However, I first had to make shift with my discoveries and put myself right with my contemporaries’ laughter. From the evening when I was called – for I was really called – I had to answer or at least seek an answer. It wasn’t easy; for some time I floundered. To begin with, that perpetual laugh and the laughers had to teach me to see clearly within me and to discover at last that I was not simple (4.14).
Don’t smile; that truth is not so basic as it seems. What we call basic truths are simply the ones we discover after all the others (4.14).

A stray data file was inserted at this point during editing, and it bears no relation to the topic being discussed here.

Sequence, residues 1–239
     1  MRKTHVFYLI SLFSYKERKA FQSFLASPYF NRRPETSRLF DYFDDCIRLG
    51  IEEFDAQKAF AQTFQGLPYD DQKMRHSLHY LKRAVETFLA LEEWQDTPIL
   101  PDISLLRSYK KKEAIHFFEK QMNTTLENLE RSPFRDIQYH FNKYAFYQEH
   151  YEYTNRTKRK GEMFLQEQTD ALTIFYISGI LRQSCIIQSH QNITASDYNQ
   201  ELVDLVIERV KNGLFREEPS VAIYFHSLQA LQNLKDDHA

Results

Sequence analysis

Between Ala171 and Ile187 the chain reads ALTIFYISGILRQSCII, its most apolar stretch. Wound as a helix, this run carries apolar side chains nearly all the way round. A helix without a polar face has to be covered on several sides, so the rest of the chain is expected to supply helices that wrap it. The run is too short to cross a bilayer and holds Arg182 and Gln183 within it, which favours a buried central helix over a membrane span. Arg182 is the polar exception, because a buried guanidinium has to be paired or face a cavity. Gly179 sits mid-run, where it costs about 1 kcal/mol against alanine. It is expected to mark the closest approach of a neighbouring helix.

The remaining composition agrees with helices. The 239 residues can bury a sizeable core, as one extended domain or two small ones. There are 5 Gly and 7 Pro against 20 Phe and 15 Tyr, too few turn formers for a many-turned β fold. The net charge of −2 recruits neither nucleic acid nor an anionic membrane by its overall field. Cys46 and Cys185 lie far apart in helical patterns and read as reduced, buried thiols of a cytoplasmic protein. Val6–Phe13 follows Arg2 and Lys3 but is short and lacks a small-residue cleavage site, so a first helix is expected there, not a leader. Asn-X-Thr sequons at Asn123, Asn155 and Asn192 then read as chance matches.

A ridiculous fear pursued me, in fact: one could not die without having confessed all one’s lies. Not to God […] No, it was a matter of confessing to men […] Otherwise, were there but one lie hidden in a life, death made it definitive. No one, ever again, would know the truth on this point, since the only one to know it was precisely the dead man sleeping on his secret. That absolute murder of a truth used to make me dizzy. Today […] it would cause me, instead, subtle joys. The idea, for instance, that I am the only one to know what everyone is looking for and that I have at home an object which kept the police of three countries on the run is a sheer delight (4.21).